One strategy of displacement and transformation is the "bracketing" of the represented world by means of irony, hyperbole, satire, or caricature-that is, by the supplementary logic of a "distortion of distortion" that we have seen in his analysis of the circus clowns. On the occasion of an adventure drama set in a cosmopolitan, high-tech milieu of generic Anglo-American origins, Kracauer asserts: "Genuine film drama has the task of rendering ironic the phantomlike quality of our life by exaggerating its unreality and thus to point toward true reality." The hyperbolic doubling of modern surface life promotes a demolition and transcendence of that world by way of humor. A "deeper meaning" of this "amusing joke" is that it "reveals the nothingness of a world that lets itself be set in motion over a nothing and provokes laughter over its previously detoxified seriousness."
Kracauer's preference for films that, in his reading, hyperbolize contemporary reality's "unreality" is rooted in the historico-philosophical assumption that modernity could and would ultimately be overcome, that a different life, the "true reality" that was now absent and inaccessible, was still conceivable beyond the present state. The utopian residue in Kracauer's thinking during this period accounts for his early endorsement of the fairy tale film, a genre in which "film has conquered a domain that fully belongs to it." Because of its liberation from the norms of verisimilitude, the fairy tale provides a modality that allows us "to get to a happy ending without lying" (Alexander Kluge), a utopian moment under erasure that, as Kracauer will elaborate a few years later with regard to Chaplin, nonetheless radiates with visions of justice and peace. Much as the substance of the ending matters, Kracauer seems interested in the fairy tale as a mode of all-but-impossible imagining, a way to uphold the longing for a different world in the face of overwhelming facticity. In his enthusiastic review of Murnau's Der letzte Mann (The Last Laugh, 1924), he defends the film against critics' objections to the tacked-on happy ending-"a fairy tale-like postlude [Nachspiel] which is so unbelievable that you may just believe it." Chance alone, thanks to the "providential intervention of the ironic author," can raise the "last man" (Emil Jannings's demoted hotel porter) to the position of the "first," and his random inheritance enables him to dispense temporary economic justice in the phantom world (Scheinwelt) of the Hotel Atlantic. If anything, by Kracauer's standards, the film's ending is not fantastic enough: "The epilogue would have to have been rendered even more unreal and playful for it to appear as the fairy tale-like anticipation of a different world." In the Caligari book, he still calls the film's unlikely happy ending an "ingenious" conclusion, but interprets it as "a nice farce jeering at the happy ending typical of the American film."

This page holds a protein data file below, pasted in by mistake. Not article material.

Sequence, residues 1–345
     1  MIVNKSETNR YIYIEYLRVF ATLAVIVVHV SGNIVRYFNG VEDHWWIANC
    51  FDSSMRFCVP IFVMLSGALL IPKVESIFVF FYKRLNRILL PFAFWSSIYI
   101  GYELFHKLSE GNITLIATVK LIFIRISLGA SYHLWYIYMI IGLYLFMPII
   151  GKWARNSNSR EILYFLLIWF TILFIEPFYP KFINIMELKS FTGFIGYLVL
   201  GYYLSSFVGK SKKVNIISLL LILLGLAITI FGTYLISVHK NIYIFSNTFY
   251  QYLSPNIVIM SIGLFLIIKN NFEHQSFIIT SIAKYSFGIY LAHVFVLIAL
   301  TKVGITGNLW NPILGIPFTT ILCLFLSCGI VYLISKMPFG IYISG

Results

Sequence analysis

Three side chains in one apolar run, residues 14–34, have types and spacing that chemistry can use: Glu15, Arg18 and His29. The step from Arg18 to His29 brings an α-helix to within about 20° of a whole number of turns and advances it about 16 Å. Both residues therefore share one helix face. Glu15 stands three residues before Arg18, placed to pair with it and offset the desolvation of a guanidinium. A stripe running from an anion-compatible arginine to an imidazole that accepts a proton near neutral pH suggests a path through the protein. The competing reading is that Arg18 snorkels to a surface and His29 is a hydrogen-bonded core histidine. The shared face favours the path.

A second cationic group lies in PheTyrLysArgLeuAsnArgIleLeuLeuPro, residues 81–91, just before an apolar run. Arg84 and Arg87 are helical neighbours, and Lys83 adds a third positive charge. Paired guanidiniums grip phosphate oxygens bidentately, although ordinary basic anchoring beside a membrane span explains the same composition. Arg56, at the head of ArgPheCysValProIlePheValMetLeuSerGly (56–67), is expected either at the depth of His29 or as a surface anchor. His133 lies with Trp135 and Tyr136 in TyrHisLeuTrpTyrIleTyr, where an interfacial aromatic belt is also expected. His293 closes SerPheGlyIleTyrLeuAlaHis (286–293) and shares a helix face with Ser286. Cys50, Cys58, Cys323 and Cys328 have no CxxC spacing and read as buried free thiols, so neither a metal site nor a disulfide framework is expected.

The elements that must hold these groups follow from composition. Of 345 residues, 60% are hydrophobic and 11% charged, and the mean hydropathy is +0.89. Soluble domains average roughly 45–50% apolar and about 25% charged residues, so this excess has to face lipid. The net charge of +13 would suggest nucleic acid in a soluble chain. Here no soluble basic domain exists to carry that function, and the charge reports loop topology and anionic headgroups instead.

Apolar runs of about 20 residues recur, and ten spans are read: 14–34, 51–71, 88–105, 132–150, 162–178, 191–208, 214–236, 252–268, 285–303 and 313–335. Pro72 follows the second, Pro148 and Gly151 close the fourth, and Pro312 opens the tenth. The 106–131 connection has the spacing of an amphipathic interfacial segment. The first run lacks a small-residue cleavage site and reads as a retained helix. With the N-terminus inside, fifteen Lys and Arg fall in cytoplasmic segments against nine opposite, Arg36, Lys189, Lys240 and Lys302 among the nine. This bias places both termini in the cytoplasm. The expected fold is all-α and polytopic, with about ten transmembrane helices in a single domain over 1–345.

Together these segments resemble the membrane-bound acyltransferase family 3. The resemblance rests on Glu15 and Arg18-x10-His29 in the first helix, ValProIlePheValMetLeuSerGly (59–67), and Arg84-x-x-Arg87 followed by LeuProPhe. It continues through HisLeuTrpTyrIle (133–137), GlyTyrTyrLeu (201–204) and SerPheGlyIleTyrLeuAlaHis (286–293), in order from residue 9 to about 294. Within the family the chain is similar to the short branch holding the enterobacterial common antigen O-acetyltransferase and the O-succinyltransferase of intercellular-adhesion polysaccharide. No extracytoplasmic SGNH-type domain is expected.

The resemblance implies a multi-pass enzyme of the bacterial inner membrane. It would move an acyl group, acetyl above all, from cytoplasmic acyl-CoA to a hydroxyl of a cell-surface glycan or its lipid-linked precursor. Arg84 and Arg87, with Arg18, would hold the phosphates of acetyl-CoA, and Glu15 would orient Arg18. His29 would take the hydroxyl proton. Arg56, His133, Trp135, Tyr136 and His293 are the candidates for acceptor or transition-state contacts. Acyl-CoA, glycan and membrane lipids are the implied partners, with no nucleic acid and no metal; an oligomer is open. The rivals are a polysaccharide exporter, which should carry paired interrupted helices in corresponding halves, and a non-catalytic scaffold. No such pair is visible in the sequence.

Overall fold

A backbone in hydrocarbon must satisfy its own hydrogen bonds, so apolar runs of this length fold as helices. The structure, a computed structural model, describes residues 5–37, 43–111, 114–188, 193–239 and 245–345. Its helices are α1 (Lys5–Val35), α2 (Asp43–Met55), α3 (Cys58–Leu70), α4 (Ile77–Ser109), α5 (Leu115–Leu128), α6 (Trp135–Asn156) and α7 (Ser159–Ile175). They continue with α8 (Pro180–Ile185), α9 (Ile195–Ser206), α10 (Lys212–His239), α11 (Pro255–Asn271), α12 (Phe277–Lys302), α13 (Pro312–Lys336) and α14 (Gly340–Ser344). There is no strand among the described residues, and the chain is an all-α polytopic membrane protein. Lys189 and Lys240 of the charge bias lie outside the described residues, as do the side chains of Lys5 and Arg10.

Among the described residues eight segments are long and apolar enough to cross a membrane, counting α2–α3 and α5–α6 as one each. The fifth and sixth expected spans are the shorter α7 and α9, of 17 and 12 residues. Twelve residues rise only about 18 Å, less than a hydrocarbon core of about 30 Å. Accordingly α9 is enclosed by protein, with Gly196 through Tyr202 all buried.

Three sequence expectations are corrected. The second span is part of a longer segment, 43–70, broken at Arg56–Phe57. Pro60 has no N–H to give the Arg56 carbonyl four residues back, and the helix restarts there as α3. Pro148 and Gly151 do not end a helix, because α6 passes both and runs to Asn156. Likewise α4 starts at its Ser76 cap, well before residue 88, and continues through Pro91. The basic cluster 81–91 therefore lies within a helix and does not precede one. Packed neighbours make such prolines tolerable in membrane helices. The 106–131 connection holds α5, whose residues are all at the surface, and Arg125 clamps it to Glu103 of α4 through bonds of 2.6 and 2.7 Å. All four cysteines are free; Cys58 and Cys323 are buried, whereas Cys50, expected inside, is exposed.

Whatever disjuncture there may be between Kracauer's early preferences for particular styles and genres and his later judgments, his disapproval of certain types of film crystallizes quite early on and remains rather persistent throughout his life. The titles he reviews in the key of ironically amused to caustic critique usually belong to genres such as literary or theatrical adaptations, mythological or historical spectacles, and "society films" (Gesellschaftsfilme). A review of The Merchant of Venice (1923), for instance, criticizes the film in terms of qualities that violate the "spirit of film": "instead of grotesque surface, false profundity of soul; instead of surprise improvisations, carefully prepared scenes." Thus, in the practice of daily reviewing, especially of culturally prestigious productions, he formulates and recalibrates an aesthetics of film that seems to turn on assumptions about medium specificity.